Over-Undercard: #8 Nebraska @ #7 Wisconsin

Every great heavy weight throw down has an undercard. Here at OTE Hilary and Ricardo entertain a handful of questions and set some gambling lines as a way of previewing Wisconsin’s weekly matchup. Let's see the over-under on the number of times head coaches will embarrass themselves, what T-Mart’s selling, and the weekly Nick Toon haiku.

1)      Jared Crick, Nebraska's All-American defensive tackle (who was hearing whispers from the NFL around draft time), returns from an injury suffered against Washington to start against the Badgers. What kind of impact will he have? Will he be the disruptive force he was a season ago, or is he (and the rest of the Huskers, for that matter) in for some of the culture shock (B1G manball as opposed to Big XII spreads and passing) to which pundits have alluded? When it's all said and done, how many big plays (total TFLs, sacks, forced and/or recovered fumbles, interceptions) will #94 record?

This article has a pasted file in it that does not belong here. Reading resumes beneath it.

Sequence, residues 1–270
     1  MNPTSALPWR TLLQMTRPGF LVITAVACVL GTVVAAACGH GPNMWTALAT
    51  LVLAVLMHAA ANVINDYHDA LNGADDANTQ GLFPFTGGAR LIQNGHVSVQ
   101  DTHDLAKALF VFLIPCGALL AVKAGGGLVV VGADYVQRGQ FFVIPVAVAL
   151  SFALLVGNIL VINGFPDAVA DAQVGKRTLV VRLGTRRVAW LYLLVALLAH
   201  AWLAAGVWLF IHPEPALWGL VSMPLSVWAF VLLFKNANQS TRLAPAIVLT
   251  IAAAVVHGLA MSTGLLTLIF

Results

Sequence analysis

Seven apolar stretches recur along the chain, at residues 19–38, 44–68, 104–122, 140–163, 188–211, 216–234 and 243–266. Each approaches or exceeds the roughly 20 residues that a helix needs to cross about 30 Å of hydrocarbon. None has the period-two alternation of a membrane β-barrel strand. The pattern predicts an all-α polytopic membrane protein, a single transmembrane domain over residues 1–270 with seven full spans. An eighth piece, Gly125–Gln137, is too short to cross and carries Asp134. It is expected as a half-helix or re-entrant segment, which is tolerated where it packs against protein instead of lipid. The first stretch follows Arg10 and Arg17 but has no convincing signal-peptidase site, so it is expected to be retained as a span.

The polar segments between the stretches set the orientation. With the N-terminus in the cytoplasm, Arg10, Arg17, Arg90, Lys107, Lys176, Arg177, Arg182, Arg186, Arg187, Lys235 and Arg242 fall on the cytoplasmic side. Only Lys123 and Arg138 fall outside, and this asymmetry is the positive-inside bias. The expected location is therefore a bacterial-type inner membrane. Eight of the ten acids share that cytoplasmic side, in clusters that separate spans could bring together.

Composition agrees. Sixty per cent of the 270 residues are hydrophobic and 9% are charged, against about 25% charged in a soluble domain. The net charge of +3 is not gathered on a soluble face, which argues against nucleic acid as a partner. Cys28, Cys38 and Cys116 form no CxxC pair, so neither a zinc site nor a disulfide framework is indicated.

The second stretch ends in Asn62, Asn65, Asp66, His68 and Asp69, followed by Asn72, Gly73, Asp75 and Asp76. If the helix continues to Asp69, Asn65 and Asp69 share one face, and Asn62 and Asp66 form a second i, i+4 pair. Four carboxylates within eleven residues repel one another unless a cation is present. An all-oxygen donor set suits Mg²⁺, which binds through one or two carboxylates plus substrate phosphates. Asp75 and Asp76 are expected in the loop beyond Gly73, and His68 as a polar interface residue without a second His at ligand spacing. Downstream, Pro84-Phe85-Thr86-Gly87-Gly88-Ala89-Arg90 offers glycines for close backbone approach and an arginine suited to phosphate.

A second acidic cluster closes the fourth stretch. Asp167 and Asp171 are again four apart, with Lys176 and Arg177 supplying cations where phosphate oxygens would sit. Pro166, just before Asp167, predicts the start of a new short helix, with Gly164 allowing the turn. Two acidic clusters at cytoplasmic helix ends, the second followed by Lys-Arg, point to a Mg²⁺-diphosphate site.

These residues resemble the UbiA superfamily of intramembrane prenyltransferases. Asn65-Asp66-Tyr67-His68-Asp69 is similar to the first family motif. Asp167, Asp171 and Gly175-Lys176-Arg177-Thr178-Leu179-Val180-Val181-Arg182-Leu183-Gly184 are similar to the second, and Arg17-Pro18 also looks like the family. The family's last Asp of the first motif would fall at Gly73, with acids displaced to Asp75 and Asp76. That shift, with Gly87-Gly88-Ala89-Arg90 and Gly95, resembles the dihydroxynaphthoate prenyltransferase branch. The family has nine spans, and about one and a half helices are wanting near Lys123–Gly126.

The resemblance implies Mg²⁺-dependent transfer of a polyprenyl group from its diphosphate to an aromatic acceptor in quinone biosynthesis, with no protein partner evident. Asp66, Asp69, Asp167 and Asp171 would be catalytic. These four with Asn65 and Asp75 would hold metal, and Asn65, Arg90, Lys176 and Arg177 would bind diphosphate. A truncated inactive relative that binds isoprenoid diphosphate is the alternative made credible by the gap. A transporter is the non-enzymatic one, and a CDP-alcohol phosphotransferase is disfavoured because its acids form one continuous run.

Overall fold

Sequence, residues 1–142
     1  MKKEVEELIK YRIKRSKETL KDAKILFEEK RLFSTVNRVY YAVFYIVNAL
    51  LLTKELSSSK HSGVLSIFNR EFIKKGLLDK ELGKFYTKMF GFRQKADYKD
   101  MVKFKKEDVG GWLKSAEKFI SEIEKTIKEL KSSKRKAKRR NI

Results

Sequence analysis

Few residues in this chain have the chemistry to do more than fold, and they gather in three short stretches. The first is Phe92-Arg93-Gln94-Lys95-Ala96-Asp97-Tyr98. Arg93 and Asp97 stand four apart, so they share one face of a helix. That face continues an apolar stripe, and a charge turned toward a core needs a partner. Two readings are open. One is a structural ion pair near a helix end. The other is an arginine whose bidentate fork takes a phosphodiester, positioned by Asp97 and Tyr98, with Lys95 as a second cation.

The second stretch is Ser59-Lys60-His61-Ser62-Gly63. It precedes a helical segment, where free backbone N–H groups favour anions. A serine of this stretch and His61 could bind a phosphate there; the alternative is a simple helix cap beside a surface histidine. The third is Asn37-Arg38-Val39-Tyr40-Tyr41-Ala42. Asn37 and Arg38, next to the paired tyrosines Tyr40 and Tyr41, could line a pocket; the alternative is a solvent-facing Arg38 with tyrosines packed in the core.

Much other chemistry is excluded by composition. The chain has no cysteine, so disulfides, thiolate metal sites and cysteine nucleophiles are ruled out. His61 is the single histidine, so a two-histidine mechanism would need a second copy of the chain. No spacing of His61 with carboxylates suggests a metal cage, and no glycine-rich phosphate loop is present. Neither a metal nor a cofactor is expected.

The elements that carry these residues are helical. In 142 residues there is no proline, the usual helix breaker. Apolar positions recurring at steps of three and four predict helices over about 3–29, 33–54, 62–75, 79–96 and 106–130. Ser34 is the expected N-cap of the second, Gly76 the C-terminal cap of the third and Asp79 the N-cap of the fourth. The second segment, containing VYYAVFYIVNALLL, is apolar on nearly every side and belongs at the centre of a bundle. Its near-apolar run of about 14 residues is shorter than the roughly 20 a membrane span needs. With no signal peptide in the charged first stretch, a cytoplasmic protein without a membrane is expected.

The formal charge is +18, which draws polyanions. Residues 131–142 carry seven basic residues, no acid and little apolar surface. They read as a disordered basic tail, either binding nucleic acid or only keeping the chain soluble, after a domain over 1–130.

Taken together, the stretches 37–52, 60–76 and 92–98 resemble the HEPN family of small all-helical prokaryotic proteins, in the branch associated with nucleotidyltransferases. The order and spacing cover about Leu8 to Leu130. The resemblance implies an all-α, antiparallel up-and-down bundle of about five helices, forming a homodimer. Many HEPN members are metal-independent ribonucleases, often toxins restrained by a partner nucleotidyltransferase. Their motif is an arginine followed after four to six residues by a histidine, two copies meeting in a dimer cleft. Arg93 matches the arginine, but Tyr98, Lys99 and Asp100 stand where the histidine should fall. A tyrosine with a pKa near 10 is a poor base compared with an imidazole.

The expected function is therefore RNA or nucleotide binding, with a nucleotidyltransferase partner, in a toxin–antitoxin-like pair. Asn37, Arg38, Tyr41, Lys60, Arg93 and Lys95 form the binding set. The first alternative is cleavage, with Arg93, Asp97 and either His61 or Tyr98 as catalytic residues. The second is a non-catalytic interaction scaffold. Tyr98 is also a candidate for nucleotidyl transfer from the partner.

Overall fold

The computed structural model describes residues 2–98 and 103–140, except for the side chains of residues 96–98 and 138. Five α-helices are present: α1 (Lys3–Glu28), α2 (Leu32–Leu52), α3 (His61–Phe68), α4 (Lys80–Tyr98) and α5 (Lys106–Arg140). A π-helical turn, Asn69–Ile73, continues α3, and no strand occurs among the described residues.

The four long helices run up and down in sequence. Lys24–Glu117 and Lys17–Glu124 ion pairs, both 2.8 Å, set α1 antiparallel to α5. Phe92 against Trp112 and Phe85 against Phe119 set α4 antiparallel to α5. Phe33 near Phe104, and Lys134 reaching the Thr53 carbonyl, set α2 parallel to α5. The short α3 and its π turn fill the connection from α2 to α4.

Hilary: I'll go with three. It's a conservative estimate, but I'm skeptical that he's totally back. Still, I don't think it's entirely unrealistic to think of three TFLs or two TFLs and a sack to his name in a game. I don't think he gets any turnovers, but hell, maybe he'll hit that three with three fumble recoveries. (I hope not.)